In the past few weeks, the climbing world has erupted like a super-caldera, spilling into the mainstream media from
a phenomenon now known as #Dawnwall. Not to be confused with the Dawn Wall—a 5.14d Grade VI route on the steep, Southeast face
of El Capitan—#Dawnwall is actually something less quantifiable and slightly more perplexing for climbers. Maybe #Dawnwall is best described
as the biggest buzzword climbing has ever known, garnering attention from pretty much every mainstream media outlet in the country. I mean, even the
President of the United States of America publicly congratulated the guys who sent the world's hardest big-wall free climb. But did Barack Obama actually
know why he was congratulating them? Judging from his Tweet, I seriously doubt it.
"So proud of @TommyCaldwell1 and @KJorgeson for conquering El Cap. "
And that's totally cool. I mean, how do you even explain what @TommyCaldwell1 and @KJorgeson did to someone who's never climbed?
"These guys are climbing 5.14d in the middle of a 3,000-foot big-wall, " I told an NPR reporter two weeks ago.
"So that 's the hardest anyone has ever climbed?"
"Well, um, 5.15c is actually the hardest anyone has ever climbed … but that's a single-pitch sport climb and this is, well … "
"Hold on, can you just tell me, is the Dawn Wall like climbing a pane of glass with little cracks in it?"
"Uh, not exactly?"
Luckily, NPR decided to scrap my interview. And for the most part, mainstream media just decided to stick to their guns and to go with the simple, yet
totally wrong, "First Climbers to Free El Cap."
in the end, despite the fact that no experienced climber would ever confuse what Caldwell and Jorgeson did with the first free ascent of El Cap (and
send Todd Skinner rolling in his grave), the mainstream media and non-climbers of the world heard what they wanted to hear. And, honestly, I understand.
Climbing is a microcosmic world of confusing jargon, standards, ethics and grades that mean absolutely nothing to anyone who has never climbed. Ever
tried to explain to your grandmother that you onsighted 5.12a? Well, don’t bother.
So for me, the Dawn Wall was a mind-blowing achievement in big-wall free climbing, while #Dawnwall was a puzzling yet extremely entertaining example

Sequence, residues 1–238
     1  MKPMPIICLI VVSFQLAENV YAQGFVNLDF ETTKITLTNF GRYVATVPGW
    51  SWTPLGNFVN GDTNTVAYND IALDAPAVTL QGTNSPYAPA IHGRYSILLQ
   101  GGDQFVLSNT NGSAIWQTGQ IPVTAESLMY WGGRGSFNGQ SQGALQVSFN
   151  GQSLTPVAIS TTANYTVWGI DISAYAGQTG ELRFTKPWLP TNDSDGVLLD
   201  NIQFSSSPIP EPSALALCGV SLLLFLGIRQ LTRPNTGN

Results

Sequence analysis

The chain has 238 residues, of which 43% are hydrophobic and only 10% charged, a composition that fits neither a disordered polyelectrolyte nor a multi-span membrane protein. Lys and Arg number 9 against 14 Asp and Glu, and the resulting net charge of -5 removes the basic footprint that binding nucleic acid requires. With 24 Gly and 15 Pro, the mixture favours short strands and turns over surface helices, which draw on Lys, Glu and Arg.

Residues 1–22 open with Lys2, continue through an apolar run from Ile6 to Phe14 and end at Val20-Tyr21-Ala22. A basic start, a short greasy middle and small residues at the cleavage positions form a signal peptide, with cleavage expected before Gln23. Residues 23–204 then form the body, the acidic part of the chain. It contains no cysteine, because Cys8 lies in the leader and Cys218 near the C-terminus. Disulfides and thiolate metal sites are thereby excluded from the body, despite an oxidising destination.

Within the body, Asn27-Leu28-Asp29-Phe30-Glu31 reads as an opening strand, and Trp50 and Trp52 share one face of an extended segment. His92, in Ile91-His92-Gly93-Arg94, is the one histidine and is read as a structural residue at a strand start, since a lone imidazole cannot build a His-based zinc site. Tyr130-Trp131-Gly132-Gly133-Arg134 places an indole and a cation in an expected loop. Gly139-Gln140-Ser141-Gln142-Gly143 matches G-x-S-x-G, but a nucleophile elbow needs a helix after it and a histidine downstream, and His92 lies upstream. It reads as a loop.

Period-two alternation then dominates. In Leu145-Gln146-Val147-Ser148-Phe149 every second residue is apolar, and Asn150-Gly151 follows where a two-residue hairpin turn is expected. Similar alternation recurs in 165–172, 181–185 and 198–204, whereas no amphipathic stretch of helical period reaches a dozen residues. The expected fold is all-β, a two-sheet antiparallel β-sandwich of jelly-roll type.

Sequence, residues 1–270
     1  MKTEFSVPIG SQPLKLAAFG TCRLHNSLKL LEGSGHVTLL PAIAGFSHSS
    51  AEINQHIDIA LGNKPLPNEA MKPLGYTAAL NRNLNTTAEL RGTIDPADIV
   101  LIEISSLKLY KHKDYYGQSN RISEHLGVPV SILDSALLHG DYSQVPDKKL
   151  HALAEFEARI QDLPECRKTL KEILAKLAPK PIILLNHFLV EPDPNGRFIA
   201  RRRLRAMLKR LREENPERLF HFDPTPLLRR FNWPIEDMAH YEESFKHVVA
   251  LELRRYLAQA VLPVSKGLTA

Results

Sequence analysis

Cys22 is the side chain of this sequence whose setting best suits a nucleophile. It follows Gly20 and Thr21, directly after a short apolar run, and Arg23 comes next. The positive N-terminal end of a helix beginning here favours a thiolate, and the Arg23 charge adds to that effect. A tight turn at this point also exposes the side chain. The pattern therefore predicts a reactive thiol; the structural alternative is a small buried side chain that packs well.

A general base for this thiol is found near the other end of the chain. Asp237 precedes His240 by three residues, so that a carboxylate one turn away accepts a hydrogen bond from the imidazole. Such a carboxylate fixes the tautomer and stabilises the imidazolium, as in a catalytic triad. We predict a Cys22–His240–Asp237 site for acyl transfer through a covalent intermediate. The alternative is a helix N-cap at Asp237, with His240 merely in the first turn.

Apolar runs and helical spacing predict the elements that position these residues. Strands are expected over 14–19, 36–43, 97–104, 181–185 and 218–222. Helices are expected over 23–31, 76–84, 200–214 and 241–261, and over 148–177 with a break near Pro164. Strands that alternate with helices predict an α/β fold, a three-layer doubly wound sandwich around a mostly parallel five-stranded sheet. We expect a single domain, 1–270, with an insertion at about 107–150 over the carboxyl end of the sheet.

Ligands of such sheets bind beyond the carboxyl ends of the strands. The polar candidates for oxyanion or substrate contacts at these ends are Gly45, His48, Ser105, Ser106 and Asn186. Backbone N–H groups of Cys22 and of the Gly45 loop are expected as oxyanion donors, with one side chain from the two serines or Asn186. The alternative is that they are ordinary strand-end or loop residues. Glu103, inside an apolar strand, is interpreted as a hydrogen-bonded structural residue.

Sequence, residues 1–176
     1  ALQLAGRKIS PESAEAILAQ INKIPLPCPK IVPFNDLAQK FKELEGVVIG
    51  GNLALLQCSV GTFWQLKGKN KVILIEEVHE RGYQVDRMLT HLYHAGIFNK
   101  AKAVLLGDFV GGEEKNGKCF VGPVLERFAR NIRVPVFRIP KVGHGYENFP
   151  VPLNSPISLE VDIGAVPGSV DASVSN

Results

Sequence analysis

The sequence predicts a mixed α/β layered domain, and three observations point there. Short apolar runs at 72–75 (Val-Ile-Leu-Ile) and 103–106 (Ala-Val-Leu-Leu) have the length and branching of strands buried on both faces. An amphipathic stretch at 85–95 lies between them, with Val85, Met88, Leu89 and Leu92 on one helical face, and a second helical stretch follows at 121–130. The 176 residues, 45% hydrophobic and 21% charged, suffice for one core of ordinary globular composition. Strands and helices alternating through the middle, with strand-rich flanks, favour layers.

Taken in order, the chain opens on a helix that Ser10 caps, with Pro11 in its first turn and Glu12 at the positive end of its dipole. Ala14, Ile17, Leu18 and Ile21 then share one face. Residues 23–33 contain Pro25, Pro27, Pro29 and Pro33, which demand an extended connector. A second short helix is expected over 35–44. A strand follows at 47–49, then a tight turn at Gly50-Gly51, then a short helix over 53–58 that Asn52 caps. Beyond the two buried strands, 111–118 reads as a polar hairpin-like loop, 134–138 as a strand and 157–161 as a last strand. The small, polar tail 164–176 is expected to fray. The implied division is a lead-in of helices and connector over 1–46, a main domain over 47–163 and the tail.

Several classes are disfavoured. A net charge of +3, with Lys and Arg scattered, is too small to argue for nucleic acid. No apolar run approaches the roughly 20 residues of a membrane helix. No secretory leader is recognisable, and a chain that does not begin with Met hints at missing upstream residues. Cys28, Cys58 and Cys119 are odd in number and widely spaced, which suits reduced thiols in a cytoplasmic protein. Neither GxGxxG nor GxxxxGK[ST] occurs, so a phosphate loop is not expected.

of just how confusing our sport is to the general public.
But within the plethora of botched headlines and climbing faux pas permeating mainstream media, one little gem (See Video Below) stood above the
rest in sheer comedic brilliance. On January 14, ABC ran a video interview titled, Fellow Climber Attests to Difficulty of El Capitan Climb. The interviewee
graciously offering his testimonial was a bold free climber (or is it free soloist?) by the name of Alex Honnlove. That's right. Honn-Love. There probably
wasn't a climber alive who watched that interview with a straight face, while Alex Honnold—one of our sport's baddest free climbers, free soloists
and speedy aid climbers … wait, did I lose you with that last one?—fielded questions like "How does a baby rappel? "
But what many climbers probably wondered was, did Honnold tell ABC his name was "Honnlove? "
I caught up with Honnold to once and for all solve the Honnlove mystery.
Q&A with Alex Honnlove
So, Alex, were you tired of being Honn"old "?
Funny, Honnlove does sound more fresh.
Can Honnlove do anything that Honnold can't?
Jumar with babies. And slay the ladies. Honnlove should be good at all things related to ladies and babies.
Well, how does a baby rappel?
Fitz [Caldwell’s "25-pound " son] wound up staying in the meadow with his grandparents. Becca [Caldwell] made the decision that it made more sense for
him to stay down, which was a good decision because we were up there all day and descended in the dark. That would have been rugged for a baby.
Finally, the question we all want to know, did you tell ABC your name was Honnlove?
That was just a horrible botch on their part. The interview started with me saying and spelling my name. I have no idea how they turned that into Honnlove.
Any tips for anyone wanting to feel "Honnloved"?
One only has to ask.